Sunday, September 07, 2008

Respect the reader: Inch less foam ...

We trust readers -- at least, apparently --- to process a hed like "U.S. to take over Fannie & Freddie." We trust them to know what a "moniker" is and what a phrase like "Feds nab 2 in heist" means. So why don't we trust them to figure out that what we've just said is ... what we've just said?

“There was no airstrike in Pakistan, or near Miran Shah or in North Waziristan,” Abbas said, referring to Miran Shah, the capital of North Waziristan, a tribal region in Pakistan that borders Afghanistan.

Just this once, let's give him the benefit of the doubt: When he said Miran Shah, he meant --Miran Shah! Not Spinboldak or Miran Shah Pointe or Kannapolis or Upper Arlington but the very place he mentioned on his own.

Once again, we can't say from here how the error occurred. Here's how the sentence looks at the NYT Web site:

“There was no airstrike in Pakistan, or near Miran Shah or in North Waziristan,” General Abbas said. Miran Shah is the capital of North Waziristan, a tribal region in Pakistan that borders Afghanistan.

Much more sensible, eh? Explain the term, but don't waste space noting that he was referring to the thing he referred to.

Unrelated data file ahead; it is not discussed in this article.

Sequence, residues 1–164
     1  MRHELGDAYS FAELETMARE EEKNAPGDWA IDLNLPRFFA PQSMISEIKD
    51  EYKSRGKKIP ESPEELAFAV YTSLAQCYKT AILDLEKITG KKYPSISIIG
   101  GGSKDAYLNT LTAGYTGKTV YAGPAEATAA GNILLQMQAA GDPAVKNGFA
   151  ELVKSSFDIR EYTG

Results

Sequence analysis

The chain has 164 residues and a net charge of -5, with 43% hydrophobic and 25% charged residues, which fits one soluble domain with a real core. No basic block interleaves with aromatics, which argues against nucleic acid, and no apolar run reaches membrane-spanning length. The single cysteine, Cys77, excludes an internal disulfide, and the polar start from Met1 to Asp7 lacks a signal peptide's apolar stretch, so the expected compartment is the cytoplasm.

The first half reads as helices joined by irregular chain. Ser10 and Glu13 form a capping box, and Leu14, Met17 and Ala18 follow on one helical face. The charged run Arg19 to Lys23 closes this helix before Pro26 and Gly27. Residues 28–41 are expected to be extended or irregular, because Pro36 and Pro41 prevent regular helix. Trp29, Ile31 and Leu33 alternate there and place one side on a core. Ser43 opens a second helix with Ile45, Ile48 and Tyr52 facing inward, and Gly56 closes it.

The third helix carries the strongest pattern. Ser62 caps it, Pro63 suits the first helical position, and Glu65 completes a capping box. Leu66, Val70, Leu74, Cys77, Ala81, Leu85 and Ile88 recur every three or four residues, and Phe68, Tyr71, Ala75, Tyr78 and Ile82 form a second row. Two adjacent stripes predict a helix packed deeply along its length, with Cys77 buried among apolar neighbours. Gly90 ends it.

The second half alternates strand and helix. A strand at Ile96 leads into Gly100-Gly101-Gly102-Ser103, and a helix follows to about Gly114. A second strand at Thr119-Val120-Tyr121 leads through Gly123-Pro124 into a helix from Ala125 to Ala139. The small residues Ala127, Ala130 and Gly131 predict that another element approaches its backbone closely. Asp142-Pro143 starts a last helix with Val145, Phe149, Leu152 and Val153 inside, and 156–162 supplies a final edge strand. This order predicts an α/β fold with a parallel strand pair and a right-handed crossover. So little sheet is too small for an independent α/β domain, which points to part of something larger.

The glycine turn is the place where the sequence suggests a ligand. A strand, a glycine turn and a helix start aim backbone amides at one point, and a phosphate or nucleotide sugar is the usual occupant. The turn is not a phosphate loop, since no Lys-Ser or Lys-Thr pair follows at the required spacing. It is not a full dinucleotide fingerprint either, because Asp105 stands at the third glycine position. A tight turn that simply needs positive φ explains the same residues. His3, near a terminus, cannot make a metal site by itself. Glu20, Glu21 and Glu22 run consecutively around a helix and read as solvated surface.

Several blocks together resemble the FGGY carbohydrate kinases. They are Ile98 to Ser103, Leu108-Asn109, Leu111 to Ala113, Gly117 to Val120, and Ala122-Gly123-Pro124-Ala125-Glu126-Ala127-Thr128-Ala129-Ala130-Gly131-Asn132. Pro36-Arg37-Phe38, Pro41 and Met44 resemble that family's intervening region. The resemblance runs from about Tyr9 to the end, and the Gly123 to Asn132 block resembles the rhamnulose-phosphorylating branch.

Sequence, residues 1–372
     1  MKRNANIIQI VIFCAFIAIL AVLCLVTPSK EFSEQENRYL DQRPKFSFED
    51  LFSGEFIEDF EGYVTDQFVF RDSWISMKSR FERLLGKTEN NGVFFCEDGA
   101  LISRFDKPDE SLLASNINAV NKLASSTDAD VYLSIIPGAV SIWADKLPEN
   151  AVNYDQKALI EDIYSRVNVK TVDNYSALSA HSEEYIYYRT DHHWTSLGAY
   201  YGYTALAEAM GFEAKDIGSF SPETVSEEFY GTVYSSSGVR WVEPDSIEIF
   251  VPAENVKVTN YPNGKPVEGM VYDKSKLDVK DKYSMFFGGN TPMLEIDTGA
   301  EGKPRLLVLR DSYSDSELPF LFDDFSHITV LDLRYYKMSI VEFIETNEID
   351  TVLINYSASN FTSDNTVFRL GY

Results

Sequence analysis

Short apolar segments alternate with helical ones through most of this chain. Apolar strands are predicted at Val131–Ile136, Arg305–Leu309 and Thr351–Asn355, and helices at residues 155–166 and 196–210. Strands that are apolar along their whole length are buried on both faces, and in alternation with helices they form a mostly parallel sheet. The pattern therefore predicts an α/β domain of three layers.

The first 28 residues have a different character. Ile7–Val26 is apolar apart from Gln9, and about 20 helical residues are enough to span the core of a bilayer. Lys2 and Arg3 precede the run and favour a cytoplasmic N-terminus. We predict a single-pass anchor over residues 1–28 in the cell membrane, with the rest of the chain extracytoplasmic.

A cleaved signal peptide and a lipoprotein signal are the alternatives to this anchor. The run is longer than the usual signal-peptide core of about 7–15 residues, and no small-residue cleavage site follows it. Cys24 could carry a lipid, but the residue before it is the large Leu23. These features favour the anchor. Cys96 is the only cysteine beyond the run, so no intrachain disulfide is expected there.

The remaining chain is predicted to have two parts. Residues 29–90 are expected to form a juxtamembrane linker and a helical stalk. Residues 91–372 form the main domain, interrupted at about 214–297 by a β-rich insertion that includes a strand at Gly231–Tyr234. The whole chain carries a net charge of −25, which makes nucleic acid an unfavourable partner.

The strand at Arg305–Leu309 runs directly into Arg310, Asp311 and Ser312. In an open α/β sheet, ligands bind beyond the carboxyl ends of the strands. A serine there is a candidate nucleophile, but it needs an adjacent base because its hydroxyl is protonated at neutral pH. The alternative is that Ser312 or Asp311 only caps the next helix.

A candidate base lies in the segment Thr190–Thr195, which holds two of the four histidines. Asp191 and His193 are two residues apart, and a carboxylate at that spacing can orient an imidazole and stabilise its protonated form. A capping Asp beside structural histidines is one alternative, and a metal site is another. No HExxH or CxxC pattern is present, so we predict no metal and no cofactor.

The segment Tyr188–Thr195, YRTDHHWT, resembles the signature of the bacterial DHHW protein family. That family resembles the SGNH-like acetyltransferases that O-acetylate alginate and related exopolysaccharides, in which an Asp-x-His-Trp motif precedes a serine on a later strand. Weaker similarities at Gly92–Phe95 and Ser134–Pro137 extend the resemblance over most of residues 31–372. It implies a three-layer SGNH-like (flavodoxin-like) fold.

The title "General" most likely was deleted before the article was put on the NYT wire (most customers are also AP members, so it makes sense for the NYTNS to harmonize its copy with AP style*). The "referring to" could have been an error in the original, cleaned up before it hit the last edition of the Times but not by the wire, or it could have been inserted by the subscriber paper. Either way -- oh, come on. If your readers have the wherewithal to read a Pakistan story, trust 'em to know that the good general meant the town he mentioned, all right?

This is a particularly repellent case of the "said of" phenomenon, an out-of-control technique for trying to explain rogue pronouns or given names that rarely does more good than harm. Here's a sort of least-worst case from the local rag:

"Cindy has hung back a little, she's not out in front, whereas Michelle has been a surrogate on the trail for her husband," Gutin said of Democratic candidate Barack Obama.

See? On the off chance that you hadn't figured out -- in a story about Cindy McCain, in which Michelle Obama was introduced in the preceding graf -- that "her husband" meant Democratic presidential hopeful Illinois Sen. Barack Obama, we're going to spell it out for you! (Even if we mercifully omit the Freep's usual attributive train wreck.)

It can get worse -- usually, because some writer assumes that any reader who begins a story is unable to load any of it into memory for more than a graf or two:

Hours of standing in line and waiting to listen to Sen. Barack Obama ended for thousands with a 9-minute speech Monday from the Democratic presidential candidate. ... "It was too short," Phil Robinson, 64, a truck driver from Oakland Township, said of the speech.